Saturday, January 31, 2015

Amuse Bouche

The Madrid players said that the meat they ate every day..was good. But Mourinho..disagreed.
...each cut required its own special preparation. According to Mourinho, this was not being carried out with the necessary skill. ...The chefs had to work with dedication to cook it properly….
As the winter of 2011 passed without his complaints being resolved, the manager ordered Madrid to sack their chefs and change their butchers. He said the eat had a ‘very high percentage of nerve tissue’.
Mourinho was living days of prolonged and convoluted pain.


from The Special One by Diego Torres

Friday, January 30, 2015

Roughty Foodie. Generation to Generation

Roughty Foodie

Generation to Generation
Garett, on duty.
“I believe the survival of the English Market over the last hundred years is down to the families who have ran the stalls from generation to generation. They have kept it going.” So said Garrett Murphy, as we chatted over a cuppa in the Farmgate Cafe. Garrett, a current stallholder, knows what he is talking about!

For fifty years, his father Michael ran the Roughty Fruit King stall in the centre of the market, until ill health came in 2011. Four generations of the Murphys worked there, in different locations, until they settled on the current stall in 1961. Nowadays, Garrett and his sister Margot Ann work in the new look foodie stall (now called The Roughty Foodie) and they have help from time to time from younger members of the family.
 Two thousand and eleven was the year of the Queen’s visit and the Murphys, in transition from a specifically fruit stall to something more general, weren't ready for her but, with help and encouragement from the City Council and fellow traders, they were up and running for the peak summer months.


“It kinda fell into our laps,” says Garrett as he recalled those anxious months. “But we could see the change of emphasis to quality. We could compete with the supermarkets on quality though not on price. So we took that new direction and grew organically. We soon had a few local producers on board, including Macroom Mills, Glenilen and our home-baker.” Garrett will never forget that first Saturday. “Everything cleared. We had nothing left on the shelves.”


They moved along from there with new producers coming on board, including Brian from Beechwood Farm and his brother Colm from Horizon Farms, Mags (who makes a great Lemon Curd) from Heavenly Preserves and Betty Smith with her jams and marmalades. Also joining were Harty’s Jellies, Taste the View, while local strawberries came from Rathcooney.

“The two months July and August of 2011 were great. The tourists came flooding in and kept buying, the locals too despite the parking problems. Traders told us it would get better in October and November but that didn't happen and we were worried until December and the run-in to Christmas which proved massive for us and had us back on track”.

 Two of the stall’s suppliers, Seymour Biscuits and Kilbeggan, may be bought at the upscale Dean and Deluca in New York but “we have no big-name suppliers” says Garrett. “Some are part-time and some were professionals who lost out in the recession and turned to what they knew. Nicola of the Big Red Kitchen is an example of the latter.”


I asked Garrett what the most popular products are. “It is seasonal so, for example, we sell a lot of porridge in the winter months. Jams, preserves and honey are always very popular and so too is cheese.” What has surprised you over the past few years? “This Christmas it was the amount of hampers and Irish cheese and crackers that we sold. At Christmas 2011, goosefat was a huge seller.”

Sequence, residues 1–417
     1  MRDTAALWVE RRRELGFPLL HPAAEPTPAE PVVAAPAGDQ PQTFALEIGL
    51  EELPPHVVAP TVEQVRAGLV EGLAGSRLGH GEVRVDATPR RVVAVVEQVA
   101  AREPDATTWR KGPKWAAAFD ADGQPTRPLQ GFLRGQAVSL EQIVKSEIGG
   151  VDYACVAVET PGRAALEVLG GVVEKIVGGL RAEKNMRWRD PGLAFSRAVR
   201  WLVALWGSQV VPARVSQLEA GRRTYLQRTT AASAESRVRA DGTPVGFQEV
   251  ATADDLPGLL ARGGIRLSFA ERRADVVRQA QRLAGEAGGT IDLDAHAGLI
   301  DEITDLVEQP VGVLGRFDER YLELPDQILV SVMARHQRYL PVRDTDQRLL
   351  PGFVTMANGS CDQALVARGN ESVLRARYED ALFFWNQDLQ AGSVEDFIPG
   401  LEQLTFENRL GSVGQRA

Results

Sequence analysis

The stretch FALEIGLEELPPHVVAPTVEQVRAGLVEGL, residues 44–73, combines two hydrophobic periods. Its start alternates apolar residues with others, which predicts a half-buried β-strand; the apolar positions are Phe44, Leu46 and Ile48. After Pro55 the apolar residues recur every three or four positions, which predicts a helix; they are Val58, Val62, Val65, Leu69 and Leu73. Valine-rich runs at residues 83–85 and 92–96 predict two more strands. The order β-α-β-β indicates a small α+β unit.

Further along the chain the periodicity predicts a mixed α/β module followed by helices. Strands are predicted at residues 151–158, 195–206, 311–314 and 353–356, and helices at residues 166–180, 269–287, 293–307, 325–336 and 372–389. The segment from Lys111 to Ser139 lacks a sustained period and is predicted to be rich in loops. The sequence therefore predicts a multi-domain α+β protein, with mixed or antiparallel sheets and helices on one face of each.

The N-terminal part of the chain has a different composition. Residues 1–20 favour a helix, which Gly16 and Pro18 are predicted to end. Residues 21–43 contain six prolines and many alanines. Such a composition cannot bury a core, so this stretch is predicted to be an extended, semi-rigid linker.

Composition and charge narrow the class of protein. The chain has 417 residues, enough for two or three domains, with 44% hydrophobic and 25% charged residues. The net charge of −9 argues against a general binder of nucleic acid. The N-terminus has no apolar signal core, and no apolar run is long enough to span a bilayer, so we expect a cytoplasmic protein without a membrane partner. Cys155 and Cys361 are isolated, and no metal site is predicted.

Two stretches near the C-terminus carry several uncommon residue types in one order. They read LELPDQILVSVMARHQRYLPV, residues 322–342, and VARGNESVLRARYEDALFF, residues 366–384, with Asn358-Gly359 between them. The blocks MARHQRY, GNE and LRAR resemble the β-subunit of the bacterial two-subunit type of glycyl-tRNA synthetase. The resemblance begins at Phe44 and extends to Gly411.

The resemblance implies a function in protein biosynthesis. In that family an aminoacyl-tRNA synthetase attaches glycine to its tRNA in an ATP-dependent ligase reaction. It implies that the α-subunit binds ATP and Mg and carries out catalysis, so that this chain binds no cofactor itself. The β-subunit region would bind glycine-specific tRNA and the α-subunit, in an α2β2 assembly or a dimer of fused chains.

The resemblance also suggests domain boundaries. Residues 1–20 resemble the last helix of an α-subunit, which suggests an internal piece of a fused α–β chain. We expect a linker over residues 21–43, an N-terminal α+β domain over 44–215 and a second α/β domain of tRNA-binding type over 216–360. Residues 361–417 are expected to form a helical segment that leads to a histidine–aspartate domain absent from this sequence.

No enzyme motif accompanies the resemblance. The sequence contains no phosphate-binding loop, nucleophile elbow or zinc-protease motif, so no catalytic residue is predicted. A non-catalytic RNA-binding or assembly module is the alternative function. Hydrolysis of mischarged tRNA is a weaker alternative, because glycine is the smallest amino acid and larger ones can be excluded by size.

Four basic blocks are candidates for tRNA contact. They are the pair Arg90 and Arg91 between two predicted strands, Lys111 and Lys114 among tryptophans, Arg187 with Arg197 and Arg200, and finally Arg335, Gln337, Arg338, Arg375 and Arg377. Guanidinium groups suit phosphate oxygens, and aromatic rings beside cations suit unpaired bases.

What are his own favourites? Licking his lips he had no hesitation: Eddie Hicks’ fantastic bacon jam and Ballybrado Supreme Spelt muesli. He has great time too for Kitty Colchester’s Happy Heart organic rapeseed oil and the High Bank Farm Apple Syrup. And indeed is enthusiastic about every single product he displays!

The stall is packed with food. But it is not just food. Tourists love the Seaweed Bath. The Goats Milk soap from the Burren is very popular too and he has a great candle-maker from Portmagee on Valentia Island. So do go in and explore. You never know what treasure you’ll find in Roughty Foodie.




Thursday, January 29, 2015

Good Stuff From The Garonne Gravel. A Duo of Excellent Graves Reds

Good Stuff From The Garonne Gravel

A Duo of Excellent Graves Reds


Chateau des Fougeres Clos Montesquieu, Graves rouge 2011, 13%, €14.80 at Maison Des Vins in Podensac

This is a fairly small estate and much of the work is done by hand. This is a classic blend, half Merlot, half Cabernet Sauvignon. It is pleasant and supple on the palate, has excellent flavours and some spice. Tannins too but just about. And this superb dry wine finishes so well. Very Highly Recommended.

I passed Chateau des Fougeres quite a few times last summer but never visited. Charles de Montesquieu, for whom this wine is named, was a philosopher and author as well as a public figure, businessman and wine grower. He lived in La Brède, overseeing the development of his estate and his vineyard. He was the first to promote the wines of the Graves region, and did much to build their reputation throughout France and in Britain.

Clos Montesquieu Graves rouge is raised in French oak casks for 14 to 16 months. “Its ageing potential has increased over the past vintages and will continue to do so thanks to various ongoing projects. The grapes we use for this wine come from our most gravelly parcels.” And that gravel gives you a big hint as to how to pronounce Graves!